IT'S the first day of spring and the promise of new life is everywhere. Whin blooms sparkle, a ladybird scuttles through the grass and birds trill from every branch. “There's a wren singing ... and that's a chaffinch,” says Jim Crumley, whose ear for ornithological song is remarkable. Then again, Scotland's best-known nature writer is also a sometime jazz guitarist and his observations about the countryside are peppered with musical references.

As we walk together on Dumyat hill, a couple of miles from his Stirling home, he sums up his attitude towards land-ownership with a song line. “It's the land that is our wisdom, it's the land that shines us through, you cannot own the land, the land owns you.”

That's a Dougie MacLean lyric but most of Crumley's references are jazz-related and in his new book, The Nature Of Spring, his feelings towards the season are likened to the title of one of his favourite songs.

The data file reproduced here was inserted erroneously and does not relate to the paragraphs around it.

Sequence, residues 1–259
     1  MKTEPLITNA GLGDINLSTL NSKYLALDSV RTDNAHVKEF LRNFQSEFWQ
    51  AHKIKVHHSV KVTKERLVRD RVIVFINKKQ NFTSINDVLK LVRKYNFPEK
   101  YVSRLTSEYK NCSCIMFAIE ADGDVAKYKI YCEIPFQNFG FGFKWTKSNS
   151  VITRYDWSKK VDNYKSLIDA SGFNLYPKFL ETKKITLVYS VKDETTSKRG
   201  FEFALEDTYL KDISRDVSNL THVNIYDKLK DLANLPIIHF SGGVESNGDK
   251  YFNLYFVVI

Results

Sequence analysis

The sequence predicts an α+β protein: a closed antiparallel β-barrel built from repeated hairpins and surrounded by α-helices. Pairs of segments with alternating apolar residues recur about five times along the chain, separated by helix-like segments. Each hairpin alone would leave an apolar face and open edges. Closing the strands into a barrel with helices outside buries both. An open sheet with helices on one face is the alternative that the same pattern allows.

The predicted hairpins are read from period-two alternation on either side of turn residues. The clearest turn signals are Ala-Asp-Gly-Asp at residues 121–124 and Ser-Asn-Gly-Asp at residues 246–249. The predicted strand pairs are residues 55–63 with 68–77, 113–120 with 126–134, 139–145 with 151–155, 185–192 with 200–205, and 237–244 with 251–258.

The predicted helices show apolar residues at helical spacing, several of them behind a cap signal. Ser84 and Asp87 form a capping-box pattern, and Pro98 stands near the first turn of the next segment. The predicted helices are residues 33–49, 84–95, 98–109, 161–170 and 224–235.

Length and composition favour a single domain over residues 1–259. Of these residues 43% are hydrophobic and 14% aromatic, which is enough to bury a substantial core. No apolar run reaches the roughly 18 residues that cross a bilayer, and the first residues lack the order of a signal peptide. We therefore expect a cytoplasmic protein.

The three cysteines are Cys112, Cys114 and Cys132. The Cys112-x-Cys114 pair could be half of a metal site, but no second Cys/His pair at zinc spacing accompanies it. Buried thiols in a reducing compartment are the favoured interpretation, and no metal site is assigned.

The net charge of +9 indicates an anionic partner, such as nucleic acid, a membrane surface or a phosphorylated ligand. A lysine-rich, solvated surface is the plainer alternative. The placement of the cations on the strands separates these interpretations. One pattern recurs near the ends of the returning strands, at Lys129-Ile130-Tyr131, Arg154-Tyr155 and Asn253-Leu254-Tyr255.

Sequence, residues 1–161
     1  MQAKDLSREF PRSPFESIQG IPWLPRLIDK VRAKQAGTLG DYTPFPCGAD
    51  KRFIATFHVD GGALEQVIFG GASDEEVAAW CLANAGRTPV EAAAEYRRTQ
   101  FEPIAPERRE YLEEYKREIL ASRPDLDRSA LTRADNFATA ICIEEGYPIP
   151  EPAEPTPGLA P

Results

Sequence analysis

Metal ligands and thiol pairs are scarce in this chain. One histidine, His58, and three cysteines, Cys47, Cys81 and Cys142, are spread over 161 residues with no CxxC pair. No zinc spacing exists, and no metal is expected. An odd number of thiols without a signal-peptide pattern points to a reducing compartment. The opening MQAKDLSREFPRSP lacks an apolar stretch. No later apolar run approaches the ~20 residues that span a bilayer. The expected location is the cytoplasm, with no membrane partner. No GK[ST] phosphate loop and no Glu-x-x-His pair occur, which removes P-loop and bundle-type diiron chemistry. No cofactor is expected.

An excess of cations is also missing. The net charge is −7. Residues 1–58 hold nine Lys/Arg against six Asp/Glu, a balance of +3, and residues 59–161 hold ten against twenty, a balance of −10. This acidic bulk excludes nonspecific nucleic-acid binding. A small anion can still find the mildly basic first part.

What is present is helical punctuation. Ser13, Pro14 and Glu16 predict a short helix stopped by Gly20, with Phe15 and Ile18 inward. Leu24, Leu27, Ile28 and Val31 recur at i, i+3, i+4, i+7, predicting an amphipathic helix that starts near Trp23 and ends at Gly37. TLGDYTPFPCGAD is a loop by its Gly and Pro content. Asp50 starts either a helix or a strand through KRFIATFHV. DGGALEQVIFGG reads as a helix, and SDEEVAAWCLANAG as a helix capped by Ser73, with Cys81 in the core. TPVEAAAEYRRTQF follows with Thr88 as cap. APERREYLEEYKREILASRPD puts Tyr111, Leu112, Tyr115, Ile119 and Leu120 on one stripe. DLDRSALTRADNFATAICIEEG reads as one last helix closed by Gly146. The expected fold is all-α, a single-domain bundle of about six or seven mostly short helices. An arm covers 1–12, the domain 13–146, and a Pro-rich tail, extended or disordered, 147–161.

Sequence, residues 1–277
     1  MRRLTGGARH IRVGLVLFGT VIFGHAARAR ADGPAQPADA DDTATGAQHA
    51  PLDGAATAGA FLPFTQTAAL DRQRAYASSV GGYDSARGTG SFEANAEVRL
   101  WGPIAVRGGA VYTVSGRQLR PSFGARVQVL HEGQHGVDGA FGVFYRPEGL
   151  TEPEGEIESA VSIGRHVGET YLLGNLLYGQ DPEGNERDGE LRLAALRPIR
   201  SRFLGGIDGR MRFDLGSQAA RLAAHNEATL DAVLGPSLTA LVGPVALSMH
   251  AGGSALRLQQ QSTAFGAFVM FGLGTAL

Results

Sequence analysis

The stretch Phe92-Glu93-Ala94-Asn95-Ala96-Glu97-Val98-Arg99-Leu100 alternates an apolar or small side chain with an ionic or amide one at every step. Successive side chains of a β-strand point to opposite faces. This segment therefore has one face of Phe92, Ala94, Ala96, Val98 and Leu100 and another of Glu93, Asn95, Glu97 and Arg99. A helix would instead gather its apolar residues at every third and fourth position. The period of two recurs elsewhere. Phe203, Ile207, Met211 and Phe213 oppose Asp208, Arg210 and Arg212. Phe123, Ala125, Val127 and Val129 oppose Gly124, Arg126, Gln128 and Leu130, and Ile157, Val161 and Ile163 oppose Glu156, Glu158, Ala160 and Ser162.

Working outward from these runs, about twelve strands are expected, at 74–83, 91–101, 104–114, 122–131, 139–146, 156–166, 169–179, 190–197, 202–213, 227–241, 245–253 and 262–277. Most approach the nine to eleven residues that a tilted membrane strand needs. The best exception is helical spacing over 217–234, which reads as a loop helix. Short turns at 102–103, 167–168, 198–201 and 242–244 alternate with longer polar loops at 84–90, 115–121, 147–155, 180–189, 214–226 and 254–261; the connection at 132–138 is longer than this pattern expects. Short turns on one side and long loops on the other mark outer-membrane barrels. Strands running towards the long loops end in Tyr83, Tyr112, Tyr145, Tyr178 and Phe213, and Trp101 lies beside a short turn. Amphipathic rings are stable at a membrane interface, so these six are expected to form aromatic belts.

Fran Landesman's Spring Can Really Hang You Up The Most is a jazz rendition of TS Eliot's line about April being the cruellest month. So what, I ask, was Crumley getting at in relating its melancholy message to this season of rejuvenation? “First of all, it's a terrific line just as a lyric and it would slip beautifully into a poem,” says Crumley (who, incidentally, is also a poet). He also relates it to the yearning felt at the end of a long, dark winter.

“By the end of the season, especially if it's been grey and dank rather than bright and snowy, I've usually had enough and I really want it to lift,” he says. “What I'm looking for is that change of pace, when the days lengthen and all the things we associate with spring kick in: when you start to hear bird song and see mammals getting into a different rhythm.”

Crumley's new book, a kind of nature-lover's chronicle of Scotland's landscapes over the course of a single spring, was researched at the tail end of last year's long, cold winter, which clawed into the middle of April in the wake of the Beast from the East. The longing for spring was, therefore, particularly acute.